Diamondbacks prospect Scott Hairston
The Diamondbacks' prospect possesses big league bloodlines and developing power as a second baseman.
Position: 2B Height: 6-1 Weight: 190 Born: 5/25/80 Bats: Right Throws: Right
When I was a kid back in the 70s, most second basemen were light-hitting singles whackers with good gloves: Bobby Randall, Jack Brohamer, guys like that. If you got a .280 average with six homers and some steals out of your second baseman, you were ecstatic. It didn't get much better than Willie Randolph or Manny Trillo. Nowadays, power-hitting middle infielders are more common, and Diamondbacks prospect Scott Hairston fits in this category. A third-round pick in 2001 out of Central Arizona Junior College, Hairston is the brother of Orioles infielder Jerry Hairston Jr., and the son of former major leaguer Jerry Hairston. Scott has a very potent bat, and is one of the more promising offensive players in Triple-A this year.
Hairston is a pure hitter. He uses a short, sharp stroke at the plate, with enough bat speed to kill most fastballs. He feasts on mediocre offerings, but it is difficult for even the fastest pitchers to overpower with pure heat. He sometimes swings at breaking balls or changeups outside the strike zone, and maintaining good plate discipline will be important for him. Scouts expect he will hit for both power and average at the major league level. Hairston has above-average speed, but isn't a big base stealer, and fits better in the middle part of the lineup rather than the top of the batting order. The main problem for him is defense. Although Hairston is a fine athlete, his glove has never been as good as his bat. He has decent range and a strong arm, but his hands aren't the best, he doesn't turn double plays well, and he has trouble with the routine grounder more often than he should. Hairston has made some progress improving his glovework, but is unlikely to be more than average defensively. There has been talk about moving him to third base or the outfield, but he's still playing second base at Tucson this year, and Arizona would love it if he can remain at the keystone long term.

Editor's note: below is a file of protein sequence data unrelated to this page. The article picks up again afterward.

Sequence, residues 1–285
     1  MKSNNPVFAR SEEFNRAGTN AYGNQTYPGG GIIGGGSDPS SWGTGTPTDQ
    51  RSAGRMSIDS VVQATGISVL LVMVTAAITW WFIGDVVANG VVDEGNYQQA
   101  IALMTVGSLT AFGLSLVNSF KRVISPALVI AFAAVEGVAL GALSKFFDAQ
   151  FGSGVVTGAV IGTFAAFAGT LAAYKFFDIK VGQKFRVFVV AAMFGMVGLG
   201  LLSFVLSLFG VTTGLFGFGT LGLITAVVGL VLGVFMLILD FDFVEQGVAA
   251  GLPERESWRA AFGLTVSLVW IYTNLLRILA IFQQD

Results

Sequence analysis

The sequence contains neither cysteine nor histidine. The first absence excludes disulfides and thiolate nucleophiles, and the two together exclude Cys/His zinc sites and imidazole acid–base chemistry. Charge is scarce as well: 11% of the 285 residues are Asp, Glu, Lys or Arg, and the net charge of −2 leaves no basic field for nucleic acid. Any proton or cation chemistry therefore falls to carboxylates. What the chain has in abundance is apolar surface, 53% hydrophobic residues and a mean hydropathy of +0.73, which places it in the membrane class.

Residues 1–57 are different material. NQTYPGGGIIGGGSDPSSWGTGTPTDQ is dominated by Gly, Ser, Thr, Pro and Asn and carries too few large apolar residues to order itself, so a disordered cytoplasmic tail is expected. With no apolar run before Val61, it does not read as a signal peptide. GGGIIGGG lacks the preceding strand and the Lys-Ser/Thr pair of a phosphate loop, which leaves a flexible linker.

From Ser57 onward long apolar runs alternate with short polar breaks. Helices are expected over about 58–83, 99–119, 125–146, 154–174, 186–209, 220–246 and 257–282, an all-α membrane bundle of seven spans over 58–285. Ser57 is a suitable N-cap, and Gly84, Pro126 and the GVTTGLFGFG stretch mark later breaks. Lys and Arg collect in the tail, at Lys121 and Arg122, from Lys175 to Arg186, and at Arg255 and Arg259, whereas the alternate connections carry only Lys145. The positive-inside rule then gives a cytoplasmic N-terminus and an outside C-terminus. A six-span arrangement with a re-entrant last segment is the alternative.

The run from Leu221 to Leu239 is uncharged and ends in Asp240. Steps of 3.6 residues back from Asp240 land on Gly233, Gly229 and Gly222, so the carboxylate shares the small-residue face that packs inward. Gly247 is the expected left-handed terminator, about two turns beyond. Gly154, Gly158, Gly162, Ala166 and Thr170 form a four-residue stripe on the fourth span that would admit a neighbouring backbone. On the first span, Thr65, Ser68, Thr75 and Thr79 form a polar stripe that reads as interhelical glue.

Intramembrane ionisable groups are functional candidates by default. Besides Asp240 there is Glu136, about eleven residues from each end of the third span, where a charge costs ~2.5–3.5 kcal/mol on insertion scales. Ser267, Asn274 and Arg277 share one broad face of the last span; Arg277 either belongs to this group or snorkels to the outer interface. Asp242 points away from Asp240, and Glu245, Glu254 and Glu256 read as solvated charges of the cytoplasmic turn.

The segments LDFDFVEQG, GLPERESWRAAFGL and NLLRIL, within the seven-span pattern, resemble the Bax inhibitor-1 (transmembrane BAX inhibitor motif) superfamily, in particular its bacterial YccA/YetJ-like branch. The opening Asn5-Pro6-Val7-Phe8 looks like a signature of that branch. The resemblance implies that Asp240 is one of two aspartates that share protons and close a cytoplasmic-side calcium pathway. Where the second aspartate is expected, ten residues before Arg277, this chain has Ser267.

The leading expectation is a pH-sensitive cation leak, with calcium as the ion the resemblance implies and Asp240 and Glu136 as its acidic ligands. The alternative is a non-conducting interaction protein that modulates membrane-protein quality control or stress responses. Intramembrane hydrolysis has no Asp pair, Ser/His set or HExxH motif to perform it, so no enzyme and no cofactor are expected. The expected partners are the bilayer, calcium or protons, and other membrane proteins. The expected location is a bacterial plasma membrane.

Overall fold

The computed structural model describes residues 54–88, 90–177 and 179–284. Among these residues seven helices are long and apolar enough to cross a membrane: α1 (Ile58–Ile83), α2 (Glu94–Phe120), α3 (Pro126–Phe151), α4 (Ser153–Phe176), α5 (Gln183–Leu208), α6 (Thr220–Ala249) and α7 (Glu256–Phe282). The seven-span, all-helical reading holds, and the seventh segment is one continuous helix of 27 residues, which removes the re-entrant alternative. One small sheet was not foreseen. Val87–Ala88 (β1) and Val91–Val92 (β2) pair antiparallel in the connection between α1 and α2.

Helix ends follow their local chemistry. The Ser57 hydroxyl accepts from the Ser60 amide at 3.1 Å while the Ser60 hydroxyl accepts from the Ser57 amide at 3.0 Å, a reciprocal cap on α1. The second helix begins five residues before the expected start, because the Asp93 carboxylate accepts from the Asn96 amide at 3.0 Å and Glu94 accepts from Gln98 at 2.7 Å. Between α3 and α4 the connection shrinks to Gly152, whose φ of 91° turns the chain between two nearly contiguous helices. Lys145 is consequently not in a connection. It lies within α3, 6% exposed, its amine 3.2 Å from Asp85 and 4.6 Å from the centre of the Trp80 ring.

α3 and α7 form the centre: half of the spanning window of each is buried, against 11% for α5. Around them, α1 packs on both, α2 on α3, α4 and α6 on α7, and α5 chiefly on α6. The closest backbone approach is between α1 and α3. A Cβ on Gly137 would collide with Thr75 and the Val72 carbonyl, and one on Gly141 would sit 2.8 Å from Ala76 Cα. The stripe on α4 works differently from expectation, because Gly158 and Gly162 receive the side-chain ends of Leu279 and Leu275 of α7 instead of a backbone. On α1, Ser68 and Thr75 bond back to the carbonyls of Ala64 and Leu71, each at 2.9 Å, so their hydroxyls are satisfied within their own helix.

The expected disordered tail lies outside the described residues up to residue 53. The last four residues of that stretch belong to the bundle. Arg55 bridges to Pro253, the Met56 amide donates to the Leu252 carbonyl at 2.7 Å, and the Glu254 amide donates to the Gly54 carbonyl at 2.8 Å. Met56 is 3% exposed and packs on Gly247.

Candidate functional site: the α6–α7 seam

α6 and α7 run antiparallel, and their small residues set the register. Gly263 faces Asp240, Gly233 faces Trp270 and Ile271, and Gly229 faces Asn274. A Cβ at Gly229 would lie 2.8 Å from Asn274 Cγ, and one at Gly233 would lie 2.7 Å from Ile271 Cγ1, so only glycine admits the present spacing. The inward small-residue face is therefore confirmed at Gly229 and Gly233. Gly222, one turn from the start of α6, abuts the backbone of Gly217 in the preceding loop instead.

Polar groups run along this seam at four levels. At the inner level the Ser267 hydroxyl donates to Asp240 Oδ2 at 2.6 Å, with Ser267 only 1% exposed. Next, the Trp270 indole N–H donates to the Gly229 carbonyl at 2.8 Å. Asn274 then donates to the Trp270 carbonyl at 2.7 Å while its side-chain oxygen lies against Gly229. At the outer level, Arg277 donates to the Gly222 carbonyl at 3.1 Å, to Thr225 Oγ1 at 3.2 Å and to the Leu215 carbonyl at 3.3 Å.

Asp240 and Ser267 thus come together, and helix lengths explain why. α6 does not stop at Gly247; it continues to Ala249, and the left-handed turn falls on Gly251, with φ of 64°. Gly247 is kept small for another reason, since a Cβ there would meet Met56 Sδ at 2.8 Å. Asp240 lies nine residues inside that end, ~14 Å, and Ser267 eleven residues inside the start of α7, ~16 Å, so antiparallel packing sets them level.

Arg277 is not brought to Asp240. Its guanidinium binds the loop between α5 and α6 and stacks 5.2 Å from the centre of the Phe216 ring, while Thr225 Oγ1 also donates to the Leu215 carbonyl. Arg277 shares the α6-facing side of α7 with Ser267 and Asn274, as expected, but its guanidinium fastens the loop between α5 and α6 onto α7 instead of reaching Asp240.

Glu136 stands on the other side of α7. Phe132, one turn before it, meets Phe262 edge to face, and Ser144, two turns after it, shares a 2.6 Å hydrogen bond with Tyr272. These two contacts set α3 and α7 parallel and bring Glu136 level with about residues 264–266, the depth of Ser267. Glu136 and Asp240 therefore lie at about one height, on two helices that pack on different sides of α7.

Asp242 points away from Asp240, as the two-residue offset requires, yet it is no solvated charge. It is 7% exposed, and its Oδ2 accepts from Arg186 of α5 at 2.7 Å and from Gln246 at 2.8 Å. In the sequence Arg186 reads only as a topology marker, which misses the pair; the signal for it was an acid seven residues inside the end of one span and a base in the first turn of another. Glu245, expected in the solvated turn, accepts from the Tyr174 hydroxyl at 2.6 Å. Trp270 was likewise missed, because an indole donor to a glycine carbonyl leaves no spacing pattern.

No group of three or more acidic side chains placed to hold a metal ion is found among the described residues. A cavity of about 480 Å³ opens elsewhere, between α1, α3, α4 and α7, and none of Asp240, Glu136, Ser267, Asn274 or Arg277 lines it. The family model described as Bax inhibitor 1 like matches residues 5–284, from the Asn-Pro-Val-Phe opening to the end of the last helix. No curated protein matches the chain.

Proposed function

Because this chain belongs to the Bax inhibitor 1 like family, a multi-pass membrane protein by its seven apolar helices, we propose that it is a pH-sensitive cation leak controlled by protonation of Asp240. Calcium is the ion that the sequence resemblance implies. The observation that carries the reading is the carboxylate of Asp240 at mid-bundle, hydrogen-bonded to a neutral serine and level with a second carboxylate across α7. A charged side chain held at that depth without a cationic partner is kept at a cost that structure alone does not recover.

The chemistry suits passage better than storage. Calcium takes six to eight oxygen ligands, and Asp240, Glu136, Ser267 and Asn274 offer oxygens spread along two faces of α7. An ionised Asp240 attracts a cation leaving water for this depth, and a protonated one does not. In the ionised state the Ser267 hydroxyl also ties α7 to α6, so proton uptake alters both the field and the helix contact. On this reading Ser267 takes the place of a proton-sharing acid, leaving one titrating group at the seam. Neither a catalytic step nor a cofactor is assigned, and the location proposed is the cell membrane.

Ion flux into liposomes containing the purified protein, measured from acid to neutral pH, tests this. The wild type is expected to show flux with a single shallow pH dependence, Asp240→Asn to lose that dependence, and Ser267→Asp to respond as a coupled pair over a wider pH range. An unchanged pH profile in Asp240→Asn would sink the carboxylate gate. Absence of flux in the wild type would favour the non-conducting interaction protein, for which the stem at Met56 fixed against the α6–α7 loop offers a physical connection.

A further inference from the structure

Hairston has done well at every level. His 2003 numbers in Double-A weren't as impressive as his Class A performance, but he was hampered by injuries. He's healthy again this year and hitting well so far. Hairston's main weakness statistically is a high strikeout rate, and a not so high walk rate, since reaching Double-A. He's fanned 12 times in his first 10 games this year, though his other numbers at Tucson are just fine. The sample is small, of course, but it does reflect the need for him to keep track of the strike zone. Although scouts say that Hairston is ready or nearly ready to hit at the major league level, the numbers imply that he could use a nice dose of Triple-A pitching. In the long run, though, I don't think there's any question about his bat.
Last year was a tough season for Hairston injury-wise, as he missed about 40 percent of the season with back problems, namely a muscle strain. He's healthy now, but back problems can recur easily, so this will have to be monitored. It was clear that the soreness was inhibiting his ability to turn on pitches last year, but that hasn't been a problem this spring.
What to expect
Barring the need for a second baseman in Arizona, Hairston should spend 2004 at Tucson, working on his defense and polishing up his plate discipline. The thin PCL air should boost his natural offensive performance nicely. He is likely to be a Rookie of the Year candidate in 2005, if his chance doesn't come sometime this year.
John Sickels is the author of The Baseball Prospect Book 2004, which can be ordered through his Web site, Johnsickels.com. His other book, Bob Feller: Ace of the Greatest Generation, is also out, and can be ordered through on-line book outlets or your local bookstore. He lives in Lawrence, Kan., with his wife Jeri, son Nicholas, and feline friends Toonces and Spot.
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